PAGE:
Commonly referred to as “Mama,” Lena Younger is the matriarchal head of the household, the mother of Walter Lee and Beneatha, and grandmother of Travis. As a religious woman, Mama firmly advocates traditional values, genuinely cares about everyone in the family, and is a well-balanced blend of both idealistic and realistic dreamer. The author Lorraine Hansberry portrays Lena Younger as the core of the family. Playing the traditional ‘mother role’, Mama is a firm believer in supporting the family.
On page 145, Mama said to Beneath: ‘When you start measuring somebody, measure him right’. She taught her daughter an important lesson to not to judge a book by its cover and to view things from different perspectives. Even though Walter makes a mistake losing all the insurance money, Mama still loves him. She demands all family members support Walter and respect each other. Not only to set moral standards, Mama also maintains the orders in the household, as the head of the family.
Mama counts on god to be the reason she gets up from bed every morning, and to give her the strength to overcome difficult circumstances. Various conflicts arouse, when Beneath said God does not exist, when Walter wants to invest a liquor store, and when Ruth seeks for abortion. Mama is very strict about religion beliefs, when it comes to her children. She did not allow any disrespect of God happen in the household. Mama is the most caring character in “A Raisin in the Sun”. She wants her children to live happily and fulfill their dreams.
Not only she cares about the harmony of the family as a whole, she also deeply cares about each one of the family members. Mama is fond of Ruth. She consults her to see the bright side of the future when Ruth feels the bleak of life. She always has Travis on her mind. Mama believes it is essential to offer Travis a yard to play in, and a better place to sleep than the couch in the living room. It is quite clear to the readers that Mama does not like the idea that Beneatha is not playing the traditional ‘woman role’, and insists to be a doctor.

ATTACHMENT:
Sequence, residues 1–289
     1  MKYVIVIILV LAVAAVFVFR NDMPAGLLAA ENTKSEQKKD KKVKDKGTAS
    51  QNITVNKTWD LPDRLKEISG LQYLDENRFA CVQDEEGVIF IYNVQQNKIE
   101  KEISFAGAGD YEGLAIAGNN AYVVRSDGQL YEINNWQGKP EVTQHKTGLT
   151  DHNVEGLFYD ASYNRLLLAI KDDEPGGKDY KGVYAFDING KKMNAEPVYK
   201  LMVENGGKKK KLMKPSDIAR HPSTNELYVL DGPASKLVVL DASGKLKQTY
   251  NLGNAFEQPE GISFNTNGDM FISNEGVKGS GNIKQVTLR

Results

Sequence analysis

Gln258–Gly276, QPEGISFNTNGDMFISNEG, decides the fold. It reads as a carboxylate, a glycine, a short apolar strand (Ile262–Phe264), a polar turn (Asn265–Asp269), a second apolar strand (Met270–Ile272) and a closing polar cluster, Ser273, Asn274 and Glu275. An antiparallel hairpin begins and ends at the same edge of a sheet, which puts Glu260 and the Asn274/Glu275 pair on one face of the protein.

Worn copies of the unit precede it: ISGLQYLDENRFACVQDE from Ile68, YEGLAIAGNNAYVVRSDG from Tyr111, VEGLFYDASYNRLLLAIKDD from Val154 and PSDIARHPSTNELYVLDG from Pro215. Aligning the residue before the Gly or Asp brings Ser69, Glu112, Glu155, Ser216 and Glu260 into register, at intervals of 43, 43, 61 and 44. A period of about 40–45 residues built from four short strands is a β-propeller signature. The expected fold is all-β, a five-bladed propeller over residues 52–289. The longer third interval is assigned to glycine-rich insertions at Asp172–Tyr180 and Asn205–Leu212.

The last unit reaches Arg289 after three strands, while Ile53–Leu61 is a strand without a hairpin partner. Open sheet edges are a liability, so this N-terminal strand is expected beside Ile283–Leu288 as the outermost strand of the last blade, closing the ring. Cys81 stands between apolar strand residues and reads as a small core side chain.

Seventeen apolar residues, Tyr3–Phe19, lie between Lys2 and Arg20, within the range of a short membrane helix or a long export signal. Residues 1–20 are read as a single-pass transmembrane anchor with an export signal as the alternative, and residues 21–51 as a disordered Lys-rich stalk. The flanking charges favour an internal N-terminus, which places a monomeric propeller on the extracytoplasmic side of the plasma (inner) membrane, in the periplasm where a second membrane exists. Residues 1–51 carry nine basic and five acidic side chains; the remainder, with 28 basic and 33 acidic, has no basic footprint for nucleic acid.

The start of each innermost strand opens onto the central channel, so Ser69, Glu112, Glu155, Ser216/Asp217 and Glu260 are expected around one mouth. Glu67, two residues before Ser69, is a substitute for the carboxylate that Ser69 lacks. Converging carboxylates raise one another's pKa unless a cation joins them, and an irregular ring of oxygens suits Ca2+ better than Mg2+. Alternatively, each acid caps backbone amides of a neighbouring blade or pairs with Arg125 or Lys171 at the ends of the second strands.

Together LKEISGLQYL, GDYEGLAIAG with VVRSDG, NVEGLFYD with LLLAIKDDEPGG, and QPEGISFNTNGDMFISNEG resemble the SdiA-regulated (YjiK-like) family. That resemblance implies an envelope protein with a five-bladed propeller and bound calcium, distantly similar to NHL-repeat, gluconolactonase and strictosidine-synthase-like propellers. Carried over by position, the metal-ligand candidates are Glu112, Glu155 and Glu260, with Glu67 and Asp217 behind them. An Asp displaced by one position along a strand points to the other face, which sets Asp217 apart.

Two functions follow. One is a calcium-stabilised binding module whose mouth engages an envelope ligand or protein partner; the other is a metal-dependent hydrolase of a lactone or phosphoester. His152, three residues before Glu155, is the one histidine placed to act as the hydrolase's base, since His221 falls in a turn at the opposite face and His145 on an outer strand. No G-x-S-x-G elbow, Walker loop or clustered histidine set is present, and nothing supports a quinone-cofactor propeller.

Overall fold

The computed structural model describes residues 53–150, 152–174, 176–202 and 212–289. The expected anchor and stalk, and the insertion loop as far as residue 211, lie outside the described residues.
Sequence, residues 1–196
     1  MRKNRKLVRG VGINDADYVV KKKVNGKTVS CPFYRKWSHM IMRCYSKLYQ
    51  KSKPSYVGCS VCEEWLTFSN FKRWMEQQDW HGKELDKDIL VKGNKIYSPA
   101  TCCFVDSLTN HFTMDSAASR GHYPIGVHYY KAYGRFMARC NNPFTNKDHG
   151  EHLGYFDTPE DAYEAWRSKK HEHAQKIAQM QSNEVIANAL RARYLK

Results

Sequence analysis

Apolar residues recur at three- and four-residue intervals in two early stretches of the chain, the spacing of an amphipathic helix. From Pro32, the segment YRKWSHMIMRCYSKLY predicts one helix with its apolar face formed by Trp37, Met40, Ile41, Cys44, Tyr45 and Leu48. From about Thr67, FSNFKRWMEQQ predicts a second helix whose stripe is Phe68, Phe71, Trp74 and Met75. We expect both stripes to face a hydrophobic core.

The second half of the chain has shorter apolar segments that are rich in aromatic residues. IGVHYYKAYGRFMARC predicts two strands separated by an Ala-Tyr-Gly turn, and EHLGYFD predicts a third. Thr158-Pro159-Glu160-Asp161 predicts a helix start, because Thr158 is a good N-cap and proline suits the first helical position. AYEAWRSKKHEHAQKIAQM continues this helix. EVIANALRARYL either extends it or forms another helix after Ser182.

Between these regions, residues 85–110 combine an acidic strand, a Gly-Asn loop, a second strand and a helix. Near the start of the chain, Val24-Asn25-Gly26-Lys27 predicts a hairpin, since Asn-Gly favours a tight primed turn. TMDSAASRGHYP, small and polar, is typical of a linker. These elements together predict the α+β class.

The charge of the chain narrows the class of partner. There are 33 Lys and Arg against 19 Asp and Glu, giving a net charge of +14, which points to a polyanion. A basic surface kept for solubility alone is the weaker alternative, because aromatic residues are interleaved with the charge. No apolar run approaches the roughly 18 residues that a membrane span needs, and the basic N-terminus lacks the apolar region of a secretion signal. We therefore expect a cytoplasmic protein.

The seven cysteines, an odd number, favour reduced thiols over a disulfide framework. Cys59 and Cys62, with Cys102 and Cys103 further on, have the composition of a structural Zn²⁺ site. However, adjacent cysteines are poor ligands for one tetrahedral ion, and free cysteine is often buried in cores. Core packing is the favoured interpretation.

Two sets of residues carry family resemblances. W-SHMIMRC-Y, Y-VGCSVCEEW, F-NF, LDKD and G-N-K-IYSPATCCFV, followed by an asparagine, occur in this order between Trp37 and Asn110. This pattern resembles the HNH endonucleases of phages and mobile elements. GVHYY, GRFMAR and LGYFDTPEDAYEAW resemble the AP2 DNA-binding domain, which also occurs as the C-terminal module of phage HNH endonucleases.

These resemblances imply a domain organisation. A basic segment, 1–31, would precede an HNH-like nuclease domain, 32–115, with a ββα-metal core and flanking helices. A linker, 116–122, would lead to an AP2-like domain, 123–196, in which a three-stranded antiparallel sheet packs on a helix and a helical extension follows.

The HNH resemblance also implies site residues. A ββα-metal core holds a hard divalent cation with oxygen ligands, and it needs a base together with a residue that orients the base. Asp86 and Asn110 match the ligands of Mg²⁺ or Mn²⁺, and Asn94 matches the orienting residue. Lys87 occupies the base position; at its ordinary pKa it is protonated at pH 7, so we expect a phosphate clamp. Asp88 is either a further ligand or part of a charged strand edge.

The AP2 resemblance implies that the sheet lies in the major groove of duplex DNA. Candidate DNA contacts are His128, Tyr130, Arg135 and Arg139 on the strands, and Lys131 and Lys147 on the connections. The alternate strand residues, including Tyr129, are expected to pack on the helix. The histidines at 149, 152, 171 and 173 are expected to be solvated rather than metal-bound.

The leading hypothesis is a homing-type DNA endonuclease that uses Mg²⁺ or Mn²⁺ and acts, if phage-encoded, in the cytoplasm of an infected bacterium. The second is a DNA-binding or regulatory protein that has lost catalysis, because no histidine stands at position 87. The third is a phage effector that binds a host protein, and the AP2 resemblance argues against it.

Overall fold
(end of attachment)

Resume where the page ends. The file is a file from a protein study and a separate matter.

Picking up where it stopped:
However, Mama still supports her dream by saving 3000 dollars of the insurance money for her medical school tuition. It has been mentioned a few times in the play that the concept of investing a liquor store seems unreligious to Mama. By giving Walter 6500 dollars of money and saying ‘It ain’t much, but it’s all I got in the world and I’m putting it in your hands. I’m telling you to be the head of this family from now on like you supposed to be’, nevertheless, Mama decides to provide whatever she has to her son and expects him to manage the family. In the 1950s, when the blacks were separated but equal, Mama has her American dream.
To move into a nice house, have a yard and a harmonious family are all Mama wants in her entire life. It is not irrational to say that Mama is a well-balanced blend of both idealistic and realistic dreamer. Mama’s American dream is ideal, but approachable. Unlike Beneatha’s dream to be a doctor, which she gives up towards the end of the play, Mama knew she will achieve her dream in her lifespan, and carefully planned for it. In the 1950s, African Americans were fighting for equal status in society. Racial segregation against blacks made Mama’s dream harder to be achieved. No matter how bad the case is, Mama does her best to improve her family’s situation.
‘Son-I just tried to find the nicest place for the least amount of money for my family.’ (p93) As Mama is looking for a place for the Youngers to move into with the insurance money, she set her eyes on a house located in Clybourne Park. Lena Younger plays the most critical role in the play, who urges the family to move forward and upward, learns to appreciate her children’s dreams, and finally transfers the power of the family to her son Walter. She would love to keep the standards and the orders of the family, mind her children and grandchild, and dream to buy a nice house.
A professional writer will make a clear, mistake-free paper for you!Get help with your assigment
Please check your inbox